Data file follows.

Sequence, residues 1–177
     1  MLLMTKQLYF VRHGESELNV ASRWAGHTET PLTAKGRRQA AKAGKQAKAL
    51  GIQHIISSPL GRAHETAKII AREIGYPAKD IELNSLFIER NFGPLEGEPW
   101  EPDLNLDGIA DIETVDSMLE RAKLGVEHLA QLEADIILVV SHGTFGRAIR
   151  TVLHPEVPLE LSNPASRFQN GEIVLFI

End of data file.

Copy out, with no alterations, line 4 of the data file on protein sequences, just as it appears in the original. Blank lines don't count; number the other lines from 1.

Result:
   101  EPDLNLDGIA DIETVDSMLE RAKLGVEHLA QLEADIILVV SHGTFGRAIR